Tuesday, 1 April 2008

Remembering

It is still a little cold but the sunlight is blinding. Little after the Ethruscan museum we turn towards the mountains. The road crosses over the Rhine (Reno) and then starts climbing up. These are not real mountains, they are only around 400 to 700 meters high, but winter must have been real tough here. In Bologna, the trees are already full of flowers while here the first leaves are just struggling to burst out of wintery skeletons of the trees. The new grass has that lovely shining green colour that looks velvety. When we read the top of the crossing between San Martino and Casaglia (pronounced Cazalia), the endless hills look wonderful and far away we get glimpses of the highway with cars rushing over it.



It is so beautiful. The first ruins of the church and the houses in San Martino, look like the antique Ethruscan ruins. They all seem to be white-washed, all clean and blindingly white. There are no signs of bombs that were thrown here, of machine guns that had killed so many, fires that blazed. Did they scream? Those old men and women and children? Did they ask for pity from the young Nazi soldiers?




Pietro, our neighbour told me about the tragedy in Marzabotto. Around end of September in 1944, German soldiers killed a total of 771 persons in the villages here. Perhaps they were angry and frustrated, they were losing the war and partisans from Marzabotto were hiding in the hills and attacking them regularly. They took out their anger on children, women and elderly, who were left at home. Among the dead were 315 women and 189 children below 12 years.
In Casaglia, they killed the priest Don Ubaldo Marchioni in the church below. Other persons hiding in the church were marched to the cemetry near by. The door of the church was blown out by a bomb. It seems difficult to belive all of it happened in this calm and beautiful place. The grass is bursting with tiny margerita flowers and air is thick with smell of flowers.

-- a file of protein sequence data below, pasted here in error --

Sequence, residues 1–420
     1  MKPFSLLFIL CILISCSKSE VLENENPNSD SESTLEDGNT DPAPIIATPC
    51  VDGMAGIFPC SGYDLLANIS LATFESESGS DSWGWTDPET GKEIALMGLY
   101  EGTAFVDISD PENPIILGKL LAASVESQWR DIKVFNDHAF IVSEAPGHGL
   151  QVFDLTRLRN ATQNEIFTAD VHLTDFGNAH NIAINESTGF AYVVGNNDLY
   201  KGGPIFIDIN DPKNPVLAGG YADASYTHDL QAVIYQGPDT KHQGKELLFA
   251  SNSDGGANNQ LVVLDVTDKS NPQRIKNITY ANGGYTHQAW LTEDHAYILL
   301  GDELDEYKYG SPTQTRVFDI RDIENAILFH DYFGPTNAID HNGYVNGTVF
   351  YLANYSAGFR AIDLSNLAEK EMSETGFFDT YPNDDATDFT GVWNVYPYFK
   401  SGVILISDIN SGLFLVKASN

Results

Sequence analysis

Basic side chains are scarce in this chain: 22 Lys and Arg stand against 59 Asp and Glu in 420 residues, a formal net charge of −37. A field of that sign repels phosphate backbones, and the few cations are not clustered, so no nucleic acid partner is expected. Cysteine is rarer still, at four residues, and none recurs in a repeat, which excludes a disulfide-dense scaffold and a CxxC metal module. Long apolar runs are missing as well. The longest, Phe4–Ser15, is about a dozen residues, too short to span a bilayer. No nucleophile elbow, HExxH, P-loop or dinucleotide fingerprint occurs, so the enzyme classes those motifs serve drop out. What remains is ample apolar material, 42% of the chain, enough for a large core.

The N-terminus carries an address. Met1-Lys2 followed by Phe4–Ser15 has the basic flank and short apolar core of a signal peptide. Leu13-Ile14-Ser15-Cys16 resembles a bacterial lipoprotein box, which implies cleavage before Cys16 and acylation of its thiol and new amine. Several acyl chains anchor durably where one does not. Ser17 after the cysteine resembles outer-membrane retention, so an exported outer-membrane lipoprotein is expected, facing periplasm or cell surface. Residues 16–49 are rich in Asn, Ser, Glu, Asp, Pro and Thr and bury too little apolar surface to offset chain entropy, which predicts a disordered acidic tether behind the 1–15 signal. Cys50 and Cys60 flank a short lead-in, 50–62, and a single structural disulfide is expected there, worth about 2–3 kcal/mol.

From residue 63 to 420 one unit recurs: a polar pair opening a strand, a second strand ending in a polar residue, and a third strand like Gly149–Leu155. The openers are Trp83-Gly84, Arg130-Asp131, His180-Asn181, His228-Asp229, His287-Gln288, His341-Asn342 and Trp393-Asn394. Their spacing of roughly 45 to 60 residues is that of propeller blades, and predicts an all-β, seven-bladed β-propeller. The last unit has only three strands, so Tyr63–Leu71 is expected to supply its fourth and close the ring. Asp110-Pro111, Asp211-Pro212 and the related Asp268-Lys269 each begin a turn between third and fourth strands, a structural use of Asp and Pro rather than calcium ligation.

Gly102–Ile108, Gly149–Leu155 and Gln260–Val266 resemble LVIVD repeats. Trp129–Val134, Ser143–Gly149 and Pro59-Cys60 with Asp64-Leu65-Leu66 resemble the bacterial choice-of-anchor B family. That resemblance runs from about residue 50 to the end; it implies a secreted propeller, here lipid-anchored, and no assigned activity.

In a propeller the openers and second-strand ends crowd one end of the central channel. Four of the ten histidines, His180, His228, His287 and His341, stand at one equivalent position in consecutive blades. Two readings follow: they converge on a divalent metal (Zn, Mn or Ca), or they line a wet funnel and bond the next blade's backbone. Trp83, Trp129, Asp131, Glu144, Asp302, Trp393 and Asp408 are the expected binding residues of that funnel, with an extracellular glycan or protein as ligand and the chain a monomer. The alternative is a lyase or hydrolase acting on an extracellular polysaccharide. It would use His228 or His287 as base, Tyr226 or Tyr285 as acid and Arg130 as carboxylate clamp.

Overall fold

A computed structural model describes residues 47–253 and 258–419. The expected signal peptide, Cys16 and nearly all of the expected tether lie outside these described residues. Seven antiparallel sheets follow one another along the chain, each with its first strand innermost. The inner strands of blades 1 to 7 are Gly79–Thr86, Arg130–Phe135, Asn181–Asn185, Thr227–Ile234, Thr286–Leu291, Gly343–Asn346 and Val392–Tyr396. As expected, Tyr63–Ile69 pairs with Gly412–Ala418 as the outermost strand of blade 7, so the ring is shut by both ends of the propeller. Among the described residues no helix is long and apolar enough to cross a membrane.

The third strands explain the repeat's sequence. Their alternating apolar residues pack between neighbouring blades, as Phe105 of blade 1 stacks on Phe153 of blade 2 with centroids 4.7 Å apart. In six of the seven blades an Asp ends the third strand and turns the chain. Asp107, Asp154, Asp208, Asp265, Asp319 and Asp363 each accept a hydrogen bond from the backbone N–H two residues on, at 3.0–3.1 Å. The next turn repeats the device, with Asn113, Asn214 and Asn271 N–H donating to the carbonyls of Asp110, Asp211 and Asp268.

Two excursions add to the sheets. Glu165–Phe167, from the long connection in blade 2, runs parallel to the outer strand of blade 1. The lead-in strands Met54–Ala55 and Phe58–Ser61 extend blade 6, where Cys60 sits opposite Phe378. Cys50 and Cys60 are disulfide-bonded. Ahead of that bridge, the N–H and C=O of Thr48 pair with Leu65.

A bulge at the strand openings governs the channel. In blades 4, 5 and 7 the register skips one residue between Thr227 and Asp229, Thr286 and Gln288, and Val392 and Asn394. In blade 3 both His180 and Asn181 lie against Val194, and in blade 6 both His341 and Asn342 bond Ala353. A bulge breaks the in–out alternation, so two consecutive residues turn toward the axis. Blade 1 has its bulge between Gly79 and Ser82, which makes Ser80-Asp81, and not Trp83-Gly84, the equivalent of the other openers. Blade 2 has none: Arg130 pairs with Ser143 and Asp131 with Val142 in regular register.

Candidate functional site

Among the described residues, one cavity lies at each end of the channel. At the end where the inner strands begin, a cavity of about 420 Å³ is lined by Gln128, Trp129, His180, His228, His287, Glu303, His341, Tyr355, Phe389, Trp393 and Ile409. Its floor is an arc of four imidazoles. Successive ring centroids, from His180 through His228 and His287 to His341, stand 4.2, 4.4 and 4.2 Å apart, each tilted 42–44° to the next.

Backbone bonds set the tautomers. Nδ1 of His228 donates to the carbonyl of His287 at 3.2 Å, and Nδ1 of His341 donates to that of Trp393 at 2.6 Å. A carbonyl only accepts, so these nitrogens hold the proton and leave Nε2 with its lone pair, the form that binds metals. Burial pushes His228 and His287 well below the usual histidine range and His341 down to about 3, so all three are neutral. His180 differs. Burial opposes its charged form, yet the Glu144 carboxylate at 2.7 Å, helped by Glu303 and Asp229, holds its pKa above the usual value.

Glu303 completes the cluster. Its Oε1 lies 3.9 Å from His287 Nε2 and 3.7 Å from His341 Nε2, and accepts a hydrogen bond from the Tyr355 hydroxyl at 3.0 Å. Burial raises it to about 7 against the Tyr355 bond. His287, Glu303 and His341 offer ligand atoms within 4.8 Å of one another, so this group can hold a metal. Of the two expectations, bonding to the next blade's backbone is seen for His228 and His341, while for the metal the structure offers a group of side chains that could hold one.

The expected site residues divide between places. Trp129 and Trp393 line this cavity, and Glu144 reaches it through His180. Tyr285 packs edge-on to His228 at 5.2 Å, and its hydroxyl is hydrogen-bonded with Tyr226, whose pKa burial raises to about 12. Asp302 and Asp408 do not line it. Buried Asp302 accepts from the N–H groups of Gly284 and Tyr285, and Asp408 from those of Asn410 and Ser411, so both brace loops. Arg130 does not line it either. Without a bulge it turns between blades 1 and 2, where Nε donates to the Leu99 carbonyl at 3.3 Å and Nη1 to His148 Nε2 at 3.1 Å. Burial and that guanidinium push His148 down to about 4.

The cemetry is around 250 meters from the church. It is a small and simple place, with a few broken down tomb stones and some old pictures fixed to the wall. A board outside the cemetry says:

Hitler said, "We have to be cruel, we have to do with our conscience in peace, we have to destroy technically and scientifically." A survivor of the killings says,"29-30 September and 1 October 1944 were the worst days, even if some killings continued even after these days. Early in the morning I could see 54 houses burning. There was a group of them applying fire to the houses. We had all gathered in the square in front of the church. We were told that nazi and fascist soldiers were coming but their fight was with partisans and elderly, women and children could stay in the church. They broke open the door, we were all forced to come out and they beat many of us, laughing all the time. The priest was killed near the altar. We were led to the cemetry. Inside they started to fire at us. We were trying to hide behind the wooden crosses and the tombs. They were firing low so as to kill the children also. They also threw in some bombs." A total of 195 persons including 50 children were killed in the cemetry.



Afterwards we went to the sacrario in Marzabotto, where the bodies of 771 persons are buried. Pietro used to come here. His sister, sister-in-law and father are buried here. The day they were killed Pietro's 14 year old sister wanted to come away with them but Pietro had stopped her. Sister-in-law was pregnant, almost in the ninth month and could need help, he had said, you stay here, you are only a child, the soldiers won't do any thing to you. "I got her killed, she coould have been saved", he would say.


As we sat in sacrario to remember Pietro, my mind was wondering to remember all those persons I knew and who are dead. My friends, my maasi, my buas.
And, I was wondering about the killings in India, like the 1984 killings in Delhi, like 1992 killings in Bombay, like 2002 killings in Gujarat, like the on-going killings in Kashmir and in so many places. Most of the time in India, the killers from such massacres are never brought to jail, the persons killed are never acknowledged. At least Pietro had the satisfaction of history condemning those nazi soldiers, some of them were brought to trials. The memory of those dead is honoured and there bodies are buried in sacrario, this monument to those killed. In India, none of this happens. How do the families, the children, live with this knowledge, with this burden and pain?
In India, most of the times these bodies will be cremated. There is no place identified with the person who is no longer there. The person becomes invisible, and memories are only that, memories without places to bind them into. Does that has some thing to do with the way we remember our dead and we ask for justice for them?

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